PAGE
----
Using a new GLOBE app to track mosquitoes and mosquito borne diseases
The mosquito is the most dangerous animal in the world. While there are more than 3,500 species of mosquitoes, only about 200 species—and only their females—carry the diseases that are so harmful to humans. Some of these mosquitoes are responsible for spreading the Zika virus, which is implicated in serious birth defects found in thousands of babies in South America alone. Mosquito borne diseases kill close to 2.7 million people annually.
The good news is that we can make a difference in working together to eradicate these killers from our neighborhoods through awareness and action. The GLOBE Observer (GO) Program just released a tool enabling citizen scientists worldwide to use their mobile devices for identifying and eliminating potential mosquito breeding sites. Using the mobile application, GO Mosquito Habitat Mapper, citizen scientists will also be able to identify the mosquito species responsible for transmitting Zika, dengue, yellow fever, and chikungunya. They will also be able to identify two other genera that contain species that transmit disease (Culex and Anopheles).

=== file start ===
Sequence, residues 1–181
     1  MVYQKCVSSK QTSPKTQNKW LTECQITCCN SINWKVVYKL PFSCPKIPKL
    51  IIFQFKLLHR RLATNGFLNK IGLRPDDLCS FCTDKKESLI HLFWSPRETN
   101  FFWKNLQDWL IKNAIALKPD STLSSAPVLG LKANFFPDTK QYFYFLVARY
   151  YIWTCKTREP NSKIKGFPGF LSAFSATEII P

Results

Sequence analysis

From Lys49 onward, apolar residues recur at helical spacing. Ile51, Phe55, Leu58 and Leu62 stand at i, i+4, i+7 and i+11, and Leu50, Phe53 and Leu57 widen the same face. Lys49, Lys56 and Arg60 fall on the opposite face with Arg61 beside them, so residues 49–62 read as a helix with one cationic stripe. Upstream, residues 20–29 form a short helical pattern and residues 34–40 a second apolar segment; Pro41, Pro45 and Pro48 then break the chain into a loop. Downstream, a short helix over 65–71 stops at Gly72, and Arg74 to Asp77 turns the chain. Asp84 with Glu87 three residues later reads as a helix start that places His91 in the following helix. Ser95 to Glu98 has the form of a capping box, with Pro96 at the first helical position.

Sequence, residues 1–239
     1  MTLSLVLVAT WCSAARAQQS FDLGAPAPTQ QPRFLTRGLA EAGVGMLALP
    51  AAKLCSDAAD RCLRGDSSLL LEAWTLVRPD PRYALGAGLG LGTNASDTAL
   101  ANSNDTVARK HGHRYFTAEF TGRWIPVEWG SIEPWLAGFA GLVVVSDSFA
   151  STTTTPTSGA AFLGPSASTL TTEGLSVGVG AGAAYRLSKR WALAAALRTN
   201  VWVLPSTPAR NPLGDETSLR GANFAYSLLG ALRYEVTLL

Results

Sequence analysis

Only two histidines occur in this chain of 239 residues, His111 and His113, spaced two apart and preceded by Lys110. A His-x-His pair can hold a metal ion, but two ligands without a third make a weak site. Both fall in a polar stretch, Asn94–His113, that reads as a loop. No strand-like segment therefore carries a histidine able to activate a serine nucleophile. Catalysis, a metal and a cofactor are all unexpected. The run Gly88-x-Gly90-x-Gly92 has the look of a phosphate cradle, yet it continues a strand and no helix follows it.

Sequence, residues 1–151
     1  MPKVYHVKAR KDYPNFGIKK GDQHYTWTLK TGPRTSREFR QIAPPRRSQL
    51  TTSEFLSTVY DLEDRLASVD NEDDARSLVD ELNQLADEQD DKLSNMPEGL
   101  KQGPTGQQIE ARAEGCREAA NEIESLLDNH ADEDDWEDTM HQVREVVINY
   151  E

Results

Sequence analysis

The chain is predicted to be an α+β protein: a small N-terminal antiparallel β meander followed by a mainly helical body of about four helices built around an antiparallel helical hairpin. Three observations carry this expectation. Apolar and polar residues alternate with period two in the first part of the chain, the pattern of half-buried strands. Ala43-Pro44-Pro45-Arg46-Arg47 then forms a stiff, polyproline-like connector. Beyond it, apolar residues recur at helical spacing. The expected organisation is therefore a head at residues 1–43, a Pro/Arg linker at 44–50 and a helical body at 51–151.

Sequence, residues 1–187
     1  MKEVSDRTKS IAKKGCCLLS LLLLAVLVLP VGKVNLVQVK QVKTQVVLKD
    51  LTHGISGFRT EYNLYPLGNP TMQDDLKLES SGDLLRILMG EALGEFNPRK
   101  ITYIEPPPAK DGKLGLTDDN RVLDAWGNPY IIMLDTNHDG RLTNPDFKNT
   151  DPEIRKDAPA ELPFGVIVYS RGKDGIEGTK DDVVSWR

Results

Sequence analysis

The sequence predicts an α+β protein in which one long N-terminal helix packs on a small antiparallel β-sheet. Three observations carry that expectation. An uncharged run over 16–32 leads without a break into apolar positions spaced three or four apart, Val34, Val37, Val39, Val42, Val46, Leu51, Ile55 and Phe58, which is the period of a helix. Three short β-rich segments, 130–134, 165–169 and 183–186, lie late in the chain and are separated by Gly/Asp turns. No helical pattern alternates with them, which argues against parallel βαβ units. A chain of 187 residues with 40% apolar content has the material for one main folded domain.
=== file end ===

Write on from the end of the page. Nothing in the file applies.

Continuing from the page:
In the Global Experiment this year, science centers and science museums around the world, working together, can use this new mosquito application to begin to be part of the solution. They can train armies of citizen scientists to explore their households and neighborhoods and identify and eliminate potential mosquito breeding sites.
NASA–GLOBE will also share the research that is taking place to identify the spread of mosquito borne diseases, which includes the use of satellite technology to identify environmental conditions that enable mosquitoes to thrive. Each institution participating in the Global Experiment can identify the mosquito season for its region prior to the activity, so it can host events during the time when mosquitoes are active locally and can determine the level and kind of involvement that matches its programming objectives.